Facebook removes exposed user records stored on Amazon's servers

Over 540 million Facebook records were left exposed on an Amazon cloud-computing server

BEN MAGOT APOver 540 million Facebook records were left exposed on an Amazon cloud-computing server

A U.S. cybersecurity company said Wednesday that records of millions of Facebook users stored on Amazon's cloud servers were exposed to the public.

It has emerged that more than 540m Facebook user records were exposed on public servers after researchers from cybersecurity firm UpGuard discovered two separate sets of user data on Amazon cloud servers. "We are committed to working with the developers on our platform to protect people's data", the spokesperson added. This information includes 22,000 passwords in plaintext and some other sensitive information. Facebook has, in some cases, demanded some new users to disclose their email passwords, without any legitimate reason.

Facebook has been hit by a number of privacy-related issues, with the latest being a glitch that exposed passwords of millions of users stored in readable format within its internal systems to its employees.

The company moved to restrict developer access and conduct a wholesale review of third-party apps previous year after the widespread Cambridge Analytica breach.

The social network said its policies prohibited Facebook data being stored in publicly-accessible databases.

The researchers contacted Cultura Colectiva about the leak and there was no response.

While the passwords were that of the At The Pool app, its exposure becomes a problem for users who have a tendency of going by the "one password for all" rule.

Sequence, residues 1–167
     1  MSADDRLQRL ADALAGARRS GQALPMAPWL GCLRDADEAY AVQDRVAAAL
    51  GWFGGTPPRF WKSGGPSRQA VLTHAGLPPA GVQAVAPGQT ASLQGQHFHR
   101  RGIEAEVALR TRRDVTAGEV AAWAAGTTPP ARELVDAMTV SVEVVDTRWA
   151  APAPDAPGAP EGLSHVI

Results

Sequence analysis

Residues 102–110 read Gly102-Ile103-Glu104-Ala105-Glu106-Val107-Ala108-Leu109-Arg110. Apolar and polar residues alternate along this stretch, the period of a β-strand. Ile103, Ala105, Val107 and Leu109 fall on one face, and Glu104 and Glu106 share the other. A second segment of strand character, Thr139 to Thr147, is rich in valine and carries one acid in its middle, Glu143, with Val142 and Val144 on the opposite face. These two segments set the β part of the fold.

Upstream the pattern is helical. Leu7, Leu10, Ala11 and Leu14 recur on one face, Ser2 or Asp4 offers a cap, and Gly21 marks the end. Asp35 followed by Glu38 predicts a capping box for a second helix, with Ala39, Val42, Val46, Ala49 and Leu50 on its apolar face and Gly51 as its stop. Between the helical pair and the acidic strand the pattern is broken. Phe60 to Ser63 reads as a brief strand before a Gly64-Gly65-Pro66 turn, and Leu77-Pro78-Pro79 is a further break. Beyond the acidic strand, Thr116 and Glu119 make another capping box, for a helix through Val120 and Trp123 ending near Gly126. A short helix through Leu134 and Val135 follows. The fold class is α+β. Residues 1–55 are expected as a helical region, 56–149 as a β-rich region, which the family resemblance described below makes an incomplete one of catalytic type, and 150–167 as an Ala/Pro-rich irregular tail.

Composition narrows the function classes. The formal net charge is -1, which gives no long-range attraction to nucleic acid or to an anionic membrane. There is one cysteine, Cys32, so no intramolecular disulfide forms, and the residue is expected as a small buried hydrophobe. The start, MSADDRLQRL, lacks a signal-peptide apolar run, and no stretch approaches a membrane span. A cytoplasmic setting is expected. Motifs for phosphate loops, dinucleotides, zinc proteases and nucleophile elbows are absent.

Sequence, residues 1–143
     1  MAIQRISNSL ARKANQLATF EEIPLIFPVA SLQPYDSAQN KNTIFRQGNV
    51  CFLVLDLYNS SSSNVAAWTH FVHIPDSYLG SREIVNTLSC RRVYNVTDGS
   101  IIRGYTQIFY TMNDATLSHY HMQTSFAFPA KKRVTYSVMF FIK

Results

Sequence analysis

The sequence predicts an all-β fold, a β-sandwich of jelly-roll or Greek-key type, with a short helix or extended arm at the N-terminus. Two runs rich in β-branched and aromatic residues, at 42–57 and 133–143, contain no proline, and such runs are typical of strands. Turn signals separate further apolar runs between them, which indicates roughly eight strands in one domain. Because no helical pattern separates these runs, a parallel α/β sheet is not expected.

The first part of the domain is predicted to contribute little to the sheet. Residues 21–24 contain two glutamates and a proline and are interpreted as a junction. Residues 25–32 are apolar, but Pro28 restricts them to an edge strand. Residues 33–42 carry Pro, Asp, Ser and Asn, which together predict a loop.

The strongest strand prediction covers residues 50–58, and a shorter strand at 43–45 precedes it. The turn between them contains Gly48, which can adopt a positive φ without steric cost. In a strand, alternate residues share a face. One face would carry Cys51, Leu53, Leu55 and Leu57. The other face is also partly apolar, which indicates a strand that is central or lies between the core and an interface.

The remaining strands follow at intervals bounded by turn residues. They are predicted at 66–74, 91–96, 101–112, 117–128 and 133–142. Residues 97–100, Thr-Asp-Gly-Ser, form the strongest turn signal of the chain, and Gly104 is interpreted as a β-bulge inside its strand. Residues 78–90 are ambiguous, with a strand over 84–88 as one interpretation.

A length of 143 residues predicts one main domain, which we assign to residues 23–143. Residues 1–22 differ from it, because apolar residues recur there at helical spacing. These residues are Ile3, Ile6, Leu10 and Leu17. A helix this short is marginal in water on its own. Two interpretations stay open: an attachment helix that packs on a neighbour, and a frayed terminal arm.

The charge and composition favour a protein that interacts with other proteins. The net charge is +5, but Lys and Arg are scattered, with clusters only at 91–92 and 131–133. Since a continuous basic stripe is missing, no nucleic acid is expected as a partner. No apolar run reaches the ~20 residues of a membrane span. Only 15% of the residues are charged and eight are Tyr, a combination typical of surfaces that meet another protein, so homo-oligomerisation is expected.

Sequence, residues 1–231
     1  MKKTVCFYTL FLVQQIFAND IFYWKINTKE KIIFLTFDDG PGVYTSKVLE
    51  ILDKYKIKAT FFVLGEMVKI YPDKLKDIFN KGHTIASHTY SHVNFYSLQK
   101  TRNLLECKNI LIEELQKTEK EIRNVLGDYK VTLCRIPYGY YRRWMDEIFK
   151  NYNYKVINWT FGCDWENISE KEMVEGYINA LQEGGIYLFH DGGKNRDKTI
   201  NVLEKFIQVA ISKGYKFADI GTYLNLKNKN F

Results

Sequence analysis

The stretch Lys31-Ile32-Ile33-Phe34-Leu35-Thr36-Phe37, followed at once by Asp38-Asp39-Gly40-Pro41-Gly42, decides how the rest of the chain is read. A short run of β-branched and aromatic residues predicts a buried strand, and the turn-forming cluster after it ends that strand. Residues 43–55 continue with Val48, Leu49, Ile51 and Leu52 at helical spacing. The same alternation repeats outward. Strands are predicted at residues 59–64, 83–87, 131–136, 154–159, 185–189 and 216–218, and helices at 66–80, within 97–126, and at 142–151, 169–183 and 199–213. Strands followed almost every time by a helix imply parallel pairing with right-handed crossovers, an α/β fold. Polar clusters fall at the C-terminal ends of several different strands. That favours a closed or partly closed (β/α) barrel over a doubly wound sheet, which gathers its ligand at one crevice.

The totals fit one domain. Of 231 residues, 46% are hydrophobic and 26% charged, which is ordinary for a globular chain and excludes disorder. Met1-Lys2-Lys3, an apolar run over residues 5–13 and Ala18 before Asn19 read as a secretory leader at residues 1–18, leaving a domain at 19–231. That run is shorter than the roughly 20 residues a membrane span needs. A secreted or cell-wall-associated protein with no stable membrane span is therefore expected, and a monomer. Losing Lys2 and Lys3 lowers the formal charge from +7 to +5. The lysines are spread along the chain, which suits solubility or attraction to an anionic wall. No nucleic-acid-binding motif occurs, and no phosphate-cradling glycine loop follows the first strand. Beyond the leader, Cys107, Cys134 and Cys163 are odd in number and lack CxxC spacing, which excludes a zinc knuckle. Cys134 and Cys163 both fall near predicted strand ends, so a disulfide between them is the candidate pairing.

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About a year ago, Facebook Chief Executive Officer Mark Zuckerberg was preparing to testify to Congress about a particularly egregious example: A developer who handed over data on tens of millions of people to Cambridge Analytica, the political consulting firm that helped Donald Trump on his presidential campaign.

Politicians on both sides of the Atlantic have sharply criticized the company's data privacy practices.

According to UpGuard, a Mexico-based media company called Cultura Colectiva was responsible for the biggest leak.

The largest of the two datasets came from Mexican media company Cultura Colectiva. "The password is simply no longer enough to provide a sufficient level of security in today's threat landscape".

'The data exposed in each of these sets would not exist without Facebook, yet these data sets are no longer under Facebook's control.

Realizing that for the dead end it was, UpGuard instead reached out to Amazon on January 28th and received a reply on February 1st, which noted that the owner of the bucket had been made aware of the issue.

Stored in unsecured portions of Amazon's cloud, the Facebook user records were an easy catch for outsiders if they knew where to look.

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